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US Army running SBU variant of Mission Partner Environment

A US Army network engineer at Joint Modernization Command works on creating the Project Convergence Mission Partner Environment at Fort Bliss, Texas. (US Department of Defense)

US Army units have begun employing a new variant of the Mission Partner Environment (MPE) network, allowing service commanders to exchange data more freely with allies and partner country forces downrange.

The Secure but Unclassified (SBU) variant of the MPE is employed across service formations deployed in the United States Army Europe and Africa (USAREUR-AF) area of responsibility, said US Army Major General Anthony Potts. “That's how they're actually running [operations] over there, in an SBU network bringing in their mission partners” via the new MPE variant, said Maj Gen Potts, who is the Program Executive Officer for Command, Control and Communications – Tactical (PEO C3T).

The development and eventual employment of the SBU MPE network variant were driven by the need to eliminate some of the network-centric roadblocks hampering data exchanges between the US armed forces and their allies worldwide.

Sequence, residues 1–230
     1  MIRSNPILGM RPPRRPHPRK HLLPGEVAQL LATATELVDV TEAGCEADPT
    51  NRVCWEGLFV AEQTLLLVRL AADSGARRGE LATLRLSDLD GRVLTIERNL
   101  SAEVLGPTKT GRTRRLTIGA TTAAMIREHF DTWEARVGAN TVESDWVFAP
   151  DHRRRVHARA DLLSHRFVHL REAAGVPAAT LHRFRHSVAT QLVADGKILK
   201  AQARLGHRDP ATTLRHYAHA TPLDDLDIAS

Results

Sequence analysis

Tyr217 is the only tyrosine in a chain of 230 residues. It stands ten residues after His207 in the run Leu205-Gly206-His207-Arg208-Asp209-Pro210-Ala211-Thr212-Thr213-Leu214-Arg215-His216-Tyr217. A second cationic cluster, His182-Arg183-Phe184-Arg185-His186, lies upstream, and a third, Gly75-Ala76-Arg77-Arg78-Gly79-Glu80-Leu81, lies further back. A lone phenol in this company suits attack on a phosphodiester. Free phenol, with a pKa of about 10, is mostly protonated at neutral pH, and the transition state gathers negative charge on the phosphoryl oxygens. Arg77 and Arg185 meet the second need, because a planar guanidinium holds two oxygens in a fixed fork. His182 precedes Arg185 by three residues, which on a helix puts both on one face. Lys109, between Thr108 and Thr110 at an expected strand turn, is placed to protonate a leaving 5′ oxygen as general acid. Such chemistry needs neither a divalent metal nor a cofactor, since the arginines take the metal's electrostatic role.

As conceptualised, the MPE network aims to provide seamless information-sharing capabilities such as real-time online chat, email, and file sharing, along with collaborative intelligence sharing and analysis of technologies between US commanders and their counterparts in NATO and other partner countries, at the Secret and Below Releasable Environment (SABRE) classification level.

Data moving between army commanders and allied counterparts within the MPE does so relatively unfettered, as long as the data moves only within the MPE network and meets the classification requirements.

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